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Cincinnati Mayor declares Feb. 5 Tom Otten Day

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Elder High School Principal Tom Otten shakes hands with Mayor of Cincinnati John Cranley on Feb. 5, 2016 after Cranley proclaimed the date "Tom Otten Day" in the City of Cincinnati. (CT Photo/John Stegeman)
Elder High School Principal Tom Otten shakes hands with Mayor of Cincinnati John Cranley on Feb. 5, 2016 after Cranley proclaimed the date “Tom Otten Day” in the City of Cincinnati. (CT Photo/John Stegeman)

Though Feb. 5, 2016 passed in much of the Archdiocese of Cincinnati as simply the final day of Catholic Schools Week, at Elder High School and throughout the City of Cincinnati, it was officially Tom Otten Day.

The official proclamation declaring Feb. 5, 2016 Tom Otten Day in the City of Cincinnati. (Courtesy of Elder High School)
The official proclamation declaring Feb. 5, 2016 Tom Otten Day in the City of Cincinnati. (Courtesy of Elder High School)

Otten, the 19-year principal of Elder High School, is retiring at the end of the school year after working more than 50 years at the school. To honor him for his service and commitment, Cincinnati Mayor John Cranley was on hand Feb. 5 at Elder to present Otten with a proclamation declaring the day in his honor and also with a key to the city.

Mayor Cranley read the proclamation before handing over the key, drawing a standing ovation from the student body, which had been gathered to watch a faculty vs. students volleyball game.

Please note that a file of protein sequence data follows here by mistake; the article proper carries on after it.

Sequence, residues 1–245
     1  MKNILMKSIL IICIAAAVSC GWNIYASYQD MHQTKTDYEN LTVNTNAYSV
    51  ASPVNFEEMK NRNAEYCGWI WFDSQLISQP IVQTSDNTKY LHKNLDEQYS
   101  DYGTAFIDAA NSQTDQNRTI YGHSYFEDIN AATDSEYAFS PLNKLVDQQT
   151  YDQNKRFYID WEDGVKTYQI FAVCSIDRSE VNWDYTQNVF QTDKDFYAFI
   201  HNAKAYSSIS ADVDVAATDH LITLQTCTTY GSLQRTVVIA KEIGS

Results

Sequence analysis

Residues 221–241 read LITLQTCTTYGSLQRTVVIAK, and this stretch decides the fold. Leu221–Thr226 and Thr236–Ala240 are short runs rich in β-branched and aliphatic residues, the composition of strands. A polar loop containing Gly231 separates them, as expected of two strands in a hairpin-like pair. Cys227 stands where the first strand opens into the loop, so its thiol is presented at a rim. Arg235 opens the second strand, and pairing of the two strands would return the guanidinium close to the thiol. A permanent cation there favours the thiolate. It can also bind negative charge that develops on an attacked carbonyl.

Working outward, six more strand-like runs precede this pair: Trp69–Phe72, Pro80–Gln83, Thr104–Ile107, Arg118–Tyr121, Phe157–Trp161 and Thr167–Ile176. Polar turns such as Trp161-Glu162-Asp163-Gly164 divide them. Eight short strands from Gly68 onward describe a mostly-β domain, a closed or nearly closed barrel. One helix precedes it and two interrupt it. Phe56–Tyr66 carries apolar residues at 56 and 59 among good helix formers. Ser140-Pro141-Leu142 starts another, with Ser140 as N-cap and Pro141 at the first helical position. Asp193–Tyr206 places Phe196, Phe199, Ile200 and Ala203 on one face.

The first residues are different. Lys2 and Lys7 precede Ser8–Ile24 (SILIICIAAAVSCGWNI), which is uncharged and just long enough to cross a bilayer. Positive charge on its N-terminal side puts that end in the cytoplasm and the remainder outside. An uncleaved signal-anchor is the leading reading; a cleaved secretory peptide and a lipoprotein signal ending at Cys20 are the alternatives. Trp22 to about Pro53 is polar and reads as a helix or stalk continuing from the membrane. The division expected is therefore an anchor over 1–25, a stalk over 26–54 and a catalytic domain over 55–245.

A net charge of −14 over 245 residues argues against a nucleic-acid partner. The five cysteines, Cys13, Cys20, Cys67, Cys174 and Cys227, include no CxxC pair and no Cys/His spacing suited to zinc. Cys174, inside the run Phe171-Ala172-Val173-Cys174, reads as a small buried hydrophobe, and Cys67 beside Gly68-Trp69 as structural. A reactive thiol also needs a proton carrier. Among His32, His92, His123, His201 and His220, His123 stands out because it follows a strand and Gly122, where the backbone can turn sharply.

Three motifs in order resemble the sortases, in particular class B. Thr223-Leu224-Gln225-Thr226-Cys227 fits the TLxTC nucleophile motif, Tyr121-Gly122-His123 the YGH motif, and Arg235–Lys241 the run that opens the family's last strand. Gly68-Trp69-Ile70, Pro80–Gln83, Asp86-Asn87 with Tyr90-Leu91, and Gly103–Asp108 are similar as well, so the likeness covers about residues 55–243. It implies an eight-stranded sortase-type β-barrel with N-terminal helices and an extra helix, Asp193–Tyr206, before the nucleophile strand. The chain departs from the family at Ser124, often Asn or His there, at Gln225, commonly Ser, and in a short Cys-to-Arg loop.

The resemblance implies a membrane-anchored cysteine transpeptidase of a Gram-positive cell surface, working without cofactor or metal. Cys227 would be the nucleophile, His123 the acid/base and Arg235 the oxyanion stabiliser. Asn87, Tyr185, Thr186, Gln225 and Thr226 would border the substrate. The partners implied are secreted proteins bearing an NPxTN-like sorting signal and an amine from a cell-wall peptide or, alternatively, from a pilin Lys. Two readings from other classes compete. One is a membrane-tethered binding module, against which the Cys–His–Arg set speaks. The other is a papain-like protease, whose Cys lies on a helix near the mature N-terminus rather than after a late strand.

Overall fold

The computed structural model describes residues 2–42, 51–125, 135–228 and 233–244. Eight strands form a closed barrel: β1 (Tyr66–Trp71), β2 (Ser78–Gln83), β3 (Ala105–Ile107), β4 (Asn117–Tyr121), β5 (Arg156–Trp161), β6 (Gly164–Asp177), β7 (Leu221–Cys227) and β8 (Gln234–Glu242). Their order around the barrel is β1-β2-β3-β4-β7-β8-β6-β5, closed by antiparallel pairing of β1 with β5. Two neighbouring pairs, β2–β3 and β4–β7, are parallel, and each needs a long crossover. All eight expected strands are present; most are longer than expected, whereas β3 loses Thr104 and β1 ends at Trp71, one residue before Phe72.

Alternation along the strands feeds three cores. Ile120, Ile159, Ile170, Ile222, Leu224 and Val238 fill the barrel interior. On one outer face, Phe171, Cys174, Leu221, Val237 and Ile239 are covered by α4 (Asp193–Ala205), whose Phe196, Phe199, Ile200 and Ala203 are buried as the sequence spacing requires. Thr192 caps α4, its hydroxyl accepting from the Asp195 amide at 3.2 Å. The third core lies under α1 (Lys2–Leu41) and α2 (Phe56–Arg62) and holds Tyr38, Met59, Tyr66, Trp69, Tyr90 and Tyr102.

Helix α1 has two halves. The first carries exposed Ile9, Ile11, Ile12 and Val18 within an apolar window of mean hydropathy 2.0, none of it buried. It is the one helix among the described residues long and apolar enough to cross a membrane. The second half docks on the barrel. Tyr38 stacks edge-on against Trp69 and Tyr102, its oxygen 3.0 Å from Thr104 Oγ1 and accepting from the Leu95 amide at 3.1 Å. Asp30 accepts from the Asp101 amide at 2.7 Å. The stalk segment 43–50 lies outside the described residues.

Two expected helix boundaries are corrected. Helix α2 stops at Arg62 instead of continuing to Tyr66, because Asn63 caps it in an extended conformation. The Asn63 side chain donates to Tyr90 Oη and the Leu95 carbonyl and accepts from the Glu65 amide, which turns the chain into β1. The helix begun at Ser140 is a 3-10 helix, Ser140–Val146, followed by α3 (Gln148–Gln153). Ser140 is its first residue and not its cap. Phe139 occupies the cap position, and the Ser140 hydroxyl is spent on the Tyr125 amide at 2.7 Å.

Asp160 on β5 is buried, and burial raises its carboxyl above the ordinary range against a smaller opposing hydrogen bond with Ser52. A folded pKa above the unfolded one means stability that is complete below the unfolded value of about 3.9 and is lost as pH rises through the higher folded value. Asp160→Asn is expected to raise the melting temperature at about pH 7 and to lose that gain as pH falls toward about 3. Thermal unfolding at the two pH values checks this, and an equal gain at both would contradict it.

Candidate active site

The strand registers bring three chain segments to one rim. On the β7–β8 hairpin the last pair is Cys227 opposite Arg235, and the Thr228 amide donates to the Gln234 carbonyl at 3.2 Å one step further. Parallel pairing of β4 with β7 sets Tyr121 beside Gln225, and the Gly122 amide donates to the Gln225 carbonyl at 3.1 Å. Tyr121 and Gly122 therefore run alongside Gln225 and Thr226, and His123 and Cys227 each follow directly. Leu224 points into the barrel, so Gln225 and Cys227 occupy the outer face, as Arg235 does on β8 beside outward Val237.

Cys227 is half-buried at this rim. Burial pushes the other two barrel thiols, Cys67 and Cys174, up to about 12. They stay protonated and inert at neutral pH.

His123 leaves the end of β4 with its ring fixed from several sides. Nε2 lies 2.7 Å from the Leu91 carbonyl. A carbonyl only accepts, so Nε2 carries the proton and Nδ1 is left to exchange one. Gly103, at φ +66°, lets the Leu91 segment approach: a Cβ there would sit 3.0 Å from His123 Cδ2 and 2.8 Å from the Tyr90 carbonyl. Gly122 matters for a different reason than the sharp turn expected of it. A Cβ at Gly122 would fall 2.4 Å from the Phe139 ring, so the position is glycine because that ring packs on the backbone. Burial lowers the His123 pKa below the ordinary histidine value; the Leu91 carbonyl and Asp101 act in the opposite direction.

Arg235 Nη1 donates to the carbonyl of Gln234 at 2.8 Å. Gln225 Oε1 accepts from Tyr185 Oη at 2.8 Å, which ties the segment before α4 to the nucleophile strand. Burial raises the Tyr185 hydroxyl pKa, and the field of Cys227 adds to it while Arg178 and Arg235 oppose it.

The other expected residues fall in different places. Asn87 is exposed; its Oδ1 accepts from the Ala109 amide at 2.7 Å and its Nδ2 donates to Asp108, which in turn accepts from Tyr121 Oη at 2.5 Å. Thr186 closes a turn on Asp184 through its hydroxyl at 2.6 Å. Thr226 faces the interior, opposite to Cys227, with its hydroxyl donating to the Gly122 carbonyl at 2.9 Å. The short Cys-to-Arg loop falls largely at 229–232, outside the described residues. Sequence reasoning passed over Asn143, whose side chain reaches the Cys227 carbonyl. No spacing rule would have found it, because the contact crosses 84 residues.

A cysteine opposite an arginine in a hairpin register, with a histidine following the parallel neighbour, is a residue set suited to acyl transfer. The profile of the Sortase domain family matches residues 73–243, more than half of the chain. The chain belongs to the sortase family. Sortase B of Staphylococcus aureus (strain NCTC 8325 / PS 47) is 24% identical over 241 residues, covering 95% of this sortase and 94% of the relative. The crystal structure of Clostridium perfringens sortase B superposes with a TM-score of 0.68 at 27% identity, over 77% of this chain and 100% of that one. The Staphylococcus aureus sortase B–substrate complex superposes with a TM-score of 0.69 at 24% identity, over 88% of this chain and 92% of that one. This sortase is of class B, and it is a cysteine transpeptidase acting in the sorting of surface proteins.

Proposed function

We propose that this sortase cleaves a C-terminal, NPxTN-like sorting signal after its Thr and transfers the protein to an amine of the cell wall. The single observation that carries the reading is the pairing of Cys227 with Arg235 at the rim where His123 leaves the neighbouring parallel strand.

“Tom has been a personal friend of mine and has made a huge difference for the city and Price Hill in particular,” Cranley said. “We want to make sure that he goes into retirement knowing he’s always welcome back here at Elder and in the City of Cincinnati which is why I’m presenting him with a key to the City of Cincinnati.”

Otten was also honored by students who presented him with a plaque noting his 19-year tenure as principal.

The proclaiming of Tom Otten Day and reception of a key to the city caught Otten off guard as Elder staff had worked to plan the event without his knowledge.

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“I’m almost speechless with this whole thing,” Otten said. “Honest to God it came as a complete surprise.”

Otten started his Elder employment career as a student, doing data entry in the office. During college he worked there a janitor. Eventually he taught at the school for three years, served as assistant principal for 26 years and has spent the last 19 as principal.

“It’s really neat but really I’ve just been honored to have the job that I’ve had at whatever point in my life it was,” Otten said. “Without the support of my family, without all the hard work of the alumni, the teachers, this wouldn’t be the school that it is. Everyone is doing their job here and that’s what makes it a great place. I’m privileged to be who I am to sit in the chair I get to sit in, but really, everybody else does the work.”

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